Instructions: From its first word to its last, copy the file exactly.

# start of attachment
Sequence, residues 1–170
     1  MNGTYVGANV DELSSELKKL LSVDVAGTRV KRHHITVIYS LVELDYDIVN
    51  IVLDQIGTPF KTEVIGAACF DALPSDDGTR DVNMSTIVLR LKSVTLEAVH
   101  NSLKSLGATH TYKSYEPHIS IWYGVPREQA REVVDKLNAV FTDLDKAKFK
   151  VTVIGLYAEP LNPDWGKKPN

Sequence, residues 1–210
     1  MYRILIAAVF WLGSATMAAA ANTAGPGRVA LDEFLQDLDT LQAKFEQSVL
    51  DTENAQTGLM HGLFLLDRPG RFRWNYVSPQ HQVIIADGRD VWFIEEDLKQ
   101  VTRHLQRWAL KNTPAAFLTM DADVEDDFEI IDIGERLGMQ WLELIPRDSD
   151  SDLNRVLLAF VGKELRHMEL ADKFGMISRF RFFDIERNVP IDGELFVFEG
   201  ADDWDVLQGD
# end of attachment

Sequence, residues 1–170
     1  MNGTYVGANV DELSSELKKL LSVDVAGTRV KRHHITVIYS LVELDYDIVN
    51  IVLDQIGTPF KTEVIGAACF DALPSDDGTR DVNMSTIVLR LKSVTLEAVH
   101  NSLKSLGATH TYKSYEPHIS IWYGVPREQA REVVDKLNAV FTDLDKAKFK
   151  VTVIGLYAEP LNPDWGKKPN

Sequence, residues 1–210
     1  MYRILIAAVF WLGSATMAAA ANTAGPGRVA LDEFLQDLDT LQAKFEQSVL
    51  DTENAQTGLM HGLFLLDRPG RFRWNYVSPQ HQVIIADGRD VWFIEEDLKQ
   101  VTRHLQRWAL KNTPAAFLTM DADVEDDFEI IDIGERLGMQ WLELIPRDSD
   151  SDLNRVLLAF VGKELRHMEL ADKFGMISRF RFFDIERNVP IDGELFVFEG
   201  ADDWDVLQGD